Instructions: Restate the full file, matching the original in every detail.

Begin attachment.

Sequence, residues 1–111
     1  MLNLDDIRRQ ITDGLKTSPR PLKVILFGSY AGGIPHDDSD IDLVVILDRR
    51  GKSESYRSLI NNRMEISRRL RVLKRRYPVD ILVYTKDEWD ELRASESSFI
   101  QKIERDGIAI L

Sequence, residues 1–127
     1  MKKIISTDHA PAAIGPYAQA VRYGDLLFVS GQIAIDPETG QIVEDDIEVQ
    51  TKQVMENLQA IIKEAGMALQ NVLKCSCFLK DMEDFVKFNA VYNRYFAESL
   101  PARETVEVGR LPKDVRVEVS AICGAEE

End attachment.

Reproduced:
Sequence, residues 1–111
     1  MLNLDDIRRQ ITDGLKTSPR PLKVILFGSY AGGIPHDDSD IDLVVILDRR
    51  GKSESYRSLI NNRMEISRRL RVLKRRYPVD ILVYTKDEWD ELRASESSFI
   101  QKIERDGIAI L

Sequence, residues 1–127
     1  MKKIISTDHA PAAIGPYAQA VRYGDLLFVS GQIAIDPETG QIVEDDIEVQ
    51  TKQVMENLQA IIKEAGMALQ NVLKCSCFLK DMEDFVKFNA VYNRYFAESL
   101  PARETVEVGR LPKDVRVEVS AICGAEE